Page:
Bascule the Teller is a young man who contacts the dead personalities within the crypt on behalf of their relatives or other interested parties. Whilst searching for a lost friend, he attracts the attention of the Security forces and takes refuge with various chimeric animals whose implants have taken on personalities from the within the crypt. He is eventually tasked with ascending the central shaft of the highest tower in a vacuum balloon in order to reach its control room.

Asura is a young woman who awakens in an re-incarnation facility with no memory. She is compelled to travel towards the castle, rapidly gathering knowledge about the world before being captured by the security forces. She is interrogated within the crypt, but is able to resist the questioning, becoming stronger at understanding and manipulating her virtual environments. As she escapes her virtual prison, she is physically freed by Gadfium, assisted by the copy of Count Sessine who had guided her to Asura's location. Asura broadcasts to the world the truth regarding the encroachment and the attempts of the monarchy to prevent the activation of the crypt sub-systems. She explains her origin, being an emissary of the crypt that was combined with the mind of Count Sessine who sacrificed himself in the process. She was created by the crypt because the relevant systems were kept separate by their designers to prevent infection by chaos. The so-called chaotic elements of the crypt are a burgeoning ecology of Artificial Intelligences. Asura states that both the humans and chaos will have to learn to live with each other. Asura and Gadfium depart, reaching an elevator which is activated for them by Bascule after reaching the control room at the summit of the tower. Asura is able to activate the "Fearsome Engine" of the title, which begins the slow process of relocating the solar system out of reach of the cloud.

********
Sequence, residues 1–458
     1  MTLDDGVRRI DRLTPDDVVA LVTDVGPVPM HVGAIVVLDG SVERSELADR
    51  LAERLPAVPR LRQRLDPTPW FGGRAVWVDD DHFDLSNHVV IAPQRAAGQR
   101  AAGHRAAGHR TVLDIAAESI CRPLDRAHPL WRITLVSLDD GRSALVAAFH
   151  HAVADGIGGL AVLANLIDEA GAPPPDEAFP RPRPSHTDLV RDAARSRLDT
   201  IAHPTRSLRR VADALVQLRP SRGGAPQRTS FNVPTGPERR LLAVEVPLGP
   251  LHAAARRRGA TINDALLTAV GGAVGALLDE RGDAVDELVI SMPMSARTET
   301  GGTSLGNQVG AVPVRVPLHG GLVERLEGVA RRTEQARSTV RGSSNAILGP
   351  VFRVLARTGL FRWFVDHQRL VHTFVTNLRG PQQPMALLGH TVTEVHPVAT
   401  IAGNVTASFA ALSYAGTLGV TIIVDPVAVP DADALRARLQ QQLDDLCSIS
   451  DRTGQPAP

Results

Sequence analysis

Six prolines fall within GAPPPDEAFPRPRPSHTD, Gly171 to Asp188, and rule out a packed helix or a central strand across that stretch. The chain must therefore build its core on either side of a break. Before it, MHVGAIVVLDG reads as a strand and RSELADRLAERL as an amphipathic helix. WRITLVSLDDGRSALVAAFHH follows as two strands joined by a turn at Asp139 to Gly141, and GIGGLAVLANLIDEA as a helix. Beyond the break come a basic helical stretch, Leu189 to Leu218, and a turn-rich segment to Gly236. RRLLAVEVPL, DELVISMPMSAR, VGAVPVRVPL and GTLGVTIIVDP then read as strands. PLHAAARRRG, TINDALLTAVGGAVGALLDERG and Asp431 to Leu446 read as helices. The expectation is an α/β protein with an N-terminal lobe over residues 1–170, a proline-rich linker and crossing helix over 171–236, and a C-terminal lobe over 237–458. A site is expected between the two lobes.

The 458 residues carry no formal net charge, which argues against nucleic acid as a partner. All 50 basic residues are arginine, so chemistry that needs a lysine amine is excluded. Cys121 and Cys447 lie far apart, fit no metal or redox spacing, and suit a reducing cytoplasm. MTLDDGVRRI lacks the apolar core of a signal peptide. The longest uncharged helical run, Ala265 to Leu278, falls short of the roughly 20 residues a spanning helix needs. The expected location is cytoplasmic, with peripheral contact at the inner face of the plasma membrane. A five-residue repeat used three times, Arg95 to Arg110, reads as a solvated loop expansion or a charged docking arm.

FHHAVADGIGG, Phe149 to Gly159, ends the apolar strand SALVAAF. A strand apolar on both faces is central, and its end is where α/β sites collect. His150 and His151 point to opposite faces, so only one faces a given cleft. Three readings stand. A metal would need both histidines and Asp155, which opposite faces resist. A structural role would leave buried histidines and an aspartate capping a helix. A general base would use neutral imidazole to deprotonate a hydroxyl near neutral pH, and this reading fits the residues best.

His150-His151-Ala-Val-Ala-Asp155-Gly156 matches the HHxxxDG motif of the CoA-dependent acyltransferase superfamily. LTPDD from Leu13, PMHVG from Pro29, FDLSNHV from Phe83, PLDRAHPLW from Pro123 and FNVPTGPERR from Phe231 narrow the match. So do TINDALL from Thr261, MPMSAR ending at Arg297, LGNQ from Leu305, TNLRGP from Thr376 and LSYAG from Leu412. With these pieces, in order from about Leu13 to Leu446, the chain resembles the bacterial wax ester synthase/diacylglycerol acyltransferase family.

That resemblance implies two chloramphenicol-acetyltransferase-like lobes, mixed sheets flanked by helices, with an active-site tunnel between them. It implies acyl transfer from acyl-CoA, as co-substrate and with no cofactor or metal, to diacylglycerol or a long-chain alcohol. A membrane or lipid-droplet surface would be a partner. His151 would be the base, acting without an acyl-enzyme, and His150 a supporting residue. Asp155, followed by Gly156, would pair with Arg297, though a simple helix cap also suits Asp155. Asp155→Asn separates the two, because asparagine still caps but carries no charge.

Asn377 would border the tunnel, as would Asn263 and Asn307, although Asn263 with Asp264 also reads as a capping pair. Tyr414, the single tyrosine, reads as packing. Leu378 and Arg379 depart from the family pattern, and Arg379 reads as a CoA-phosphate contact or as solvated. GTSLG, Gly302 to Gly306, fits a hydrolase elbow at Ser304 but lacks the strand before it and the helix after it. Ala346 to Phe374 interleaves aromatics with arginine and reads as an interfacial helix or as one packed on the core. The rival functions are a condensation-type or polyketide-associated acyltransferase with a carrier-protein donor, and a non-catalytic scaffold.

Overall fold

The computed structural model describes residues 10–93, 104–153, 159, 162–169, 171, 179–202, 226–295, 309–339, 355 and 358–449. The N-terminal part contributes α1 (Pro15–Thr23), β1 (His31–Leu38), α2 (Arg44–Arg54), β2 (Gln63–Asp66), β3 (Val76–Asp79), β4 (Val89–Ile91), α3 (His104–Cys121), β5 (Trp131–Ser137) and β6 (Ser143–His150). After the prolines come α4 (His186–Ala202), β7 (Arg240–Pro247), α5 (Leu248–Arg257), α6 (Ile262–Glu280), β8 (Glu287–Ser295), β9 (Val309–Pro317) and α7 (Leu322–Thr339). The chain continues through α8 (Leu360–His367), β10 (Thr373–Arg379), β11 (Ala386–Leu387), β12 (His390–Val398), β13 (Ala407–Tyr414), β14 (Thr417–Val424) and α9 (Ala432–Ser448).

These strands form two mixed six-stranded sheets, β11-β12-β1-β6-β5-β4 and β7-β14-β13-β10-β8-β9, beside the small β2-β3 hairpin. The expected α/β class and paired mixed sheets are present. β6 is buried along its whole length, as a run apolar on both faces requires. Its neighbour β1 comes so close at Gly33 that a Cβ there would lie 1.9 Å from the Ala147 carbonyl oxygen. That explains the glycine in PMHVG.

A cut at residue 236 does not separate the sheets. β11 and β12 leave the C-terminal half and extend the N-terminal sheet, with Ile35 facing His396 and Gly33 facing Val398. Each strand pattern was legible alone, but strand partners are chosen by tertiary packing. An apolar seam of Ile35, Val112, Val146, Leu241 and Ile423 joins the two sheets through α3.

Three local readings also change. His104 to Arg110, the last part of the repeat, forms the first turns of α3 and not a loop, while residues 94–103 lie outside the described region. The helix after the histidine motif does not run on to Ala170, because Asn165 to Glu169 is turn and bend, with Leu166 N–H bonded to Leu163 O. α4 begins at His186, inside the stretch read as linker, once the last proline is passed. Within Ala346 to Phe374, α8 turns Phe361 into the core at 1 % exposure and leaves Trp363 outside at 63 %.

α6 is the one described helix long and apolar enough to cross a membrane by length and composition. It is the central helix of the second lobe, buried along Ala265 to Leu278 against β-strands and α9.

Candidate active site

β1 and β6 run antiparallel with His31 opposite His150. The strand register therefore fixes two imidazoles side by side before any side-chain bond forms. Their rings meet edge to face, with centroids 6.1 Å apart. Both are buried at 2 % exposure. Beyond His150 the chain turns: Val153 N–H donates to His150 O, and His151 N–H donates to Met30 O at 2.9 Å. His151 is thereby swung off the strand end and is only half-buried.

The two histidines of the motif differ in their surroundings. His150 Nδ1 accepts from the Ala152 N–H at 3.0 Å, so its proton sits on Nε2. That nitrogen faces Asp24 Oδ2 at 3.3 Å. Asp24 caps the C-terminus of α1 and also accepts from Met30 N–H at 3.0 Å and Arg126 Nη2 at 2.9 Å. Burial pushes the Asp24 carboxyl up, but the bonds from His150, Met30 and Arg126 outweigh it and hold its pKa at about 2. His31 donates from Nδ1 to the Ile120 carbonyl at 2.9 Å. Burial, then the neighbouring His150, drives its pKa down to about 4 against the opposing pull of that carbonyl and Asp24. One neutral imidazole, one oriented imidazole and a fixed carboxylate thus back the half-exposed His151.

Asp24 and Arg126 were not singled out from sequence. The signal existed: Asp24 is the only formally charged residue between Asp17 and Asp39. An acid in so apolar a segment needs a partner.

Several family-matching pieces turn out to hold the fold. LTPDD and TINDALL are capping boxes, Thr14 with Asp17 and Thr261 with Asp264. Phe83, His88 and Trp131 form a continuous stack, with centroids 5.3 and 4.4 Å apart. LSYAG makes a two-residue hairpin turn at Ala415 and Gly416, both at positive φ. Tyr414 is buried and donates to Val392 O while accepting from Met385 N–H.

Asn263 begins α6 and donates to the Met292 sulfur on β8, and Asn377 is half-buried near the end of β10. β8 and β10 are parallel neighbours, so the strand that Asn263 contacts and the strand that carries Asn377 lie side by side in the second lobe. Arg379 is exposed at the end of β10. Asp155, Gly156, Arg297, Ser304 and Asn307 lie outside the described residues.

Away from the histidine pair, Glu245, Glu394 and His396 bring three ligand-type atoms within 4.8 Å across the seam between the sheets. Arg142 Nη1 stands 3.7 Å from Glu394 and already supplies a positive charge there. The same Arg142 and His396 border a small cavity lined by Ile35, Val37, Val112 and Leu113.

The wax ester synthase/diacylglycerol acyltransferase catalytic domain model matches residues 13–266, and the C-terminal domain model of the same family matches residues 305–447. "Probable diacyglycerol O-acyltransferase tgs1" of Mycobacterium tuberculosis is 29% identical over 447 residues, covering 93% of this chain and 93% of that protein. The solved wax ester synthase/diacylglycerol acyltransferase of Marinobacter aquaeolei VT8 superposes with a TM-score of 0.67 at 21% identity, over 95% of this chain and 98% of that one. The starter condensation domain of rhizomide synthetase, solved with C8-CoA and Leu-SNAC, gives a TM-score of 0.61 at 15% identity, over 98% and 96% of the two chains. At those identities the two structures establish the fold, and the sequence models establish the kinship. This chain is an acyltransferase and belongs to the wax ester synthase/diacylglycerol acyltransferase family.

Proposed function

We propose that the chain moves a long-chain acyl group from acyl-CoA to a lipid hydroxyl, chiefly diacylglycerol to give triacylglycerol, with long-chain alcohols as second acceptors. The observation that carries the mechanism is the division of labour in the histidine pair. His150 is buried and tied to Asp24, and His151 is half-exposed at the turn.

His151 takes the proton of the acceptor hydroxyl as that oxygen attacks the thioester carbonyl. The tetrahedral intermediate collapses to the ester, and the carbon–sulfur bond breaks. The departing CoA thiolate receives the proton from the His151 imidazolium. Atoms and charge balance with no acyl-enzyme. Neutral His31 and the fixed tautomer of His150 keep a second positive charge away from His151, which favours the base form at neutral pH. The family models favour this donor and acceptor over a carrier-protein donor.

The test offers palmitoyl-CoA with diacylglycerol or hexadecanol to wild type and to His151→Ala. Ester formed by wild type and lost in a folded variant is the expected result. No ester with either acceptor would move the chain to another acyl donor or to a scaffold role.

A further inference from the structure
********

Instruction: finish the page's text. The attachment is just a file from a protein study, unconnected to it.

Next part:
Writing style[edit]

A quarter of the book is told by Bascule the Teller and is written phonetically in the first person. The phonetic transcription and shorthand, also evinced in the novel's title, corresponds to the modern use of text-messaging. No dialect words are used, but there are (inconsistent) hints of a Scottish and a Cockney accent.[1]

The fourth chapter of the book's Part One opens with:

Woak up. Got dresd. Had brekfast. Spoke wif Ergates thi ant who sed itz juss been wurk wurk wurk 4 u lately master Bascule, Y dont u ½ a holiday? & I agreed & that woz how we decided we otter go 2 c Mr Zoliparia in thi I-ball ov thi gargoyle Rosbrith.

Literary significance and criticism[edit]

Feersum Endjinn was generally well-received, the completeness of the plot and the detailed description of the mega-architecture and the crypt were praised by critics.

Literary critic and historian Ian Duncan has argued that Banks’s ‘fearsome engine’, like his bridge, “is another allegory of the state, except that this apparatus is not just sublime in its dissociation from human accountability – it is omniscient, providential, and even organic.”[2]

See also[edit]

References[edit]

  1. ^ Caroline McCracken-Flesher Scotland as Science Fiction, (Bucknell University Press, 2011), p. 123.
  2. ^ Culture, Nation, And the New Scottish Parliament (Bucknell University Press, 2007) edited by Caroline McCracken-Flesher, p. 51.

Sources[edit]

External links[edit]